Brief, to the point, and highly accessible — all terms applicable to the new Climate Central book. It may teach little new for those steeped in the subject (other than the virtue of clear and simple English). For those less climate-savvy, it’s a practical and easily digestible resource.
“Plain English” isn’t a term heard so often when it comes to books addressing climate change. And, let’s admit it, it’s sometimes used pejoratively, as in being part and parcel of something of a “dumbing-down.”
If you’re among those who just can’t make it all the way through the relatively quick read of Climate Central’s new 200-page Global Weirdness …
If you find the “plain language” — or as the authors in the hard back’s liner cover call it “clear and accessible prose” — somehow tedious and not worthy of your own intellect …
Written by Climate Central staffers Emily Elert and long-time science journalist Michael Lemonick (pronounced as in lemon-ick), the concise 5-1/4 x 8-1/4 inch book consists of 60 breezy chapters. Each runs no more than two to three pages, organized in four different sections: What the Science Says; What’s Actually Happening; What’s Likely to Happen in the Future; and Can We Avoid the Risks of Climate Change?
No formal and stilted peer-review here, though Climate Central does list an impressive collection of outside scientists it says reviewed it, along with a number of its own in-house scientists.
You’ll find no fire-breathing rhetoric in Global Weirdness, making it a useful and practical — and, to emphasize, highly accessible — backgrounder for those many not up to their eyeballs in the minutia of climate science and climate policy intricacies. The absence of rhetoric aside, the book should leave no question in a reader’s mind that the authors indeed take the science, and the risk a warmer climate poses, seriously. Those accepting what loosely is called the “consensus science” on climate change will likely find little in the book that unnerves them; died-in-the-wool skeptics or deniers (see related posting) will likely find little that changes their views.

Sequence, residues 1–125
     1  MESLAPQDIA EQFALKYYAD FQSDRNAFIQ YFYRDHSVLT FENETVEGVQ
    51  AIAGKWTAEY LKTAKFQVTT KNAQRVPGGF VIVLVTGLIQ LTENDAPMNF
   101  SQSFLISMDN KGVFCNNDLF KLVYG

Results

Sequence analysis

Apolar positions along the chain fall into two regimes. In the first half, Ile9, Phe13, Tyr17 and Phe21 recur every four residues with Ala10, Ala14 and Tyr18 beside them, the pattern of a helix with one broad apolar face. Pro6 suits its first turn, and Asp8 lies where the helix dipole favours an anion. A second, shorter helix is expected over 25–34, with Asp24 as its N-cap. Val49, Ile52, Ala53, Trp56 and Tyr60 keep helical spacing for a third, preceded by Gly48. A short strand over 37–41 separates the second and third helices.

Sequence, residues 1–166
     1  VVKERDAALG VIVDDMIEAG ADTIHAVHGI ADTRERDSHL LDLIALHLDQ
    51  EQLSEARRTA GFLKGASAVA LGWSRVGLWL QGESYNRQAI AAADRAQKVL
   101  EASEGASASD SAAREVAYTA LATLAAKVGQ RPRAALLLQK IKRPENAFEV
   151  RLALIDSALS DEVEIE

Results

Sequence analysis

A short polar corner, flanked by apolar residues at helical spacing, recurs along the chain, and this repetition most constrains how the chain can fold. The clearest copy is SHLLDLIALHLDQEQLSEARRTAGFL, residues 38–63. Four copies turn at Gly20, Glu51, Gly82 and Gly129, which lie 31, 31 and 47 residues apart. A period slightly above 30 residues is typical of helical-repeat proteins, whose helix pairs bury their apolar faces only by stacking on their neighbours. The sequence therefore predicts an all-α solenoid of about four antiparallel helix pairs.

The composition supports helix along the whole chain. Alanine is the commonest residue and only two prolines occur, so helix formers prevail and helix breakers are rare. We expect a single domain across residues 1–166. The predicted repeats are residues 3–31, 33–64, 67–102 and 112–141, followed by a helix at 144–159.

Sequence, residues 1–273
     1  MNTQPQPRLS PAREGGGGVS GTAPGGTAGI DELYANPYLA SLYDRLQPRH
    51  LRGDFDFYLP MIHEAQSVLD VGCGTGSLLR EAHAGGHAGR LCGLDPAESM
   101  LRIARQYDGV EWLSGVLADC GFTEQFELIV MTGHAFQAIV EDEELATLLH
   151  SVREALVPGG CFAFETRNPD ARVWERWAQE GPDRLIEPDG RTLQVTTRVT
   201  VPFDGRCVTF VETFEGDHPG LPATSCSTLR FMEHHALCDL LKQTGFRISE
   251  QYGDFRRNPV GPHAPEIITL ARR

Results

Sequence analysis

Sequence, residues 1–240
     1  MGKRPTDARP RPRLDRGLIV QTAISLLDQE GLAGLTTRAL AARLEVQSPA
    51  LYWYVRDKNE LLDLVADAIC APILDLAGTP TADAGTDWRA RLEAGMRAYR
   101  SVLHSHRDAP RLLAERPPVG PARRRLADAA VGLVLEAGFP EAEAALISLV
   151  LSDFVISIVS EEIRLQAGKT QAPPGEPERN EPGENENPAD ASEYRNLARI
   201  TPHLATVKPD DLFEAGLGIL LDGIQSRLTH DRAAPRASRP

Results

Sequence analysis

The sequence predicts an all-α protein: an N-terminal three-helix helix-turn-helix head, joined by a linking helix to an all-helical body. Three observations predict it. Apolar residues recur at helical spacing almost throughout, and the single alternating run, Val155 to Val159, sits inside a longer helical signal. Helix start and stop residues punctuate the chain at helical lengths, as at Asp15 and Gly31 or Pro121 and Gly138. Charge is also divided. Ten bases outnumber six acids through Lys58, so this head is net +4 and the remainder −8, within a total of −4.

The book for some reason lacks a chapter-by-chapter listing, making it somewhat more challenging to return for a refresher on a chapter of particular interest. But its plain and unpretentious chapter titles (examples: “Computer Models Aren’t Perfect. This Isn’t a Big Surprise.”; and “Using Ethanol in Your Car Can Reduce Emissions — but Not Always by a Lot.”) cover a broad range of climate subjects. For those not up to the polysyllabic verbiage so often associated with books on the subject, each chapter is written in a style, as noted by a New York Times commenter, “that Strunk and White [they of Elements of Style fame], would approve.”
For the climate cognoscenti, or those thinking of themselves as such, Global Weirdness might make no more than a good present or a good gift for friends and relatives less immersed, let’s say, in the scholarly literature. As a teaching tool for the broad masses still not seeing a distinction between the ozone hole and global warming, or still not knowing why too much of a good thing (CO2) can be a bad thing, this late summer easy-reading entry will still be of some value as a shelf resource come end-of-year gift-giving season.
All, it’s safe to say, can read it and learn something from it, but it’s real value may lie in its bringing readily accessible and accurate information to those whose work days are not necessarily consumed with readings from Geophysical Research Letters, Proceedings (PNAS), or Science or Nature. Or, for that matter, with readings in what little remains of quickly disappearing daily newspaper science sections.
A podcast of author Michael Lemonick’s mid-August interview on National Public Radio”s popular “Fresh Air” program is available at its website.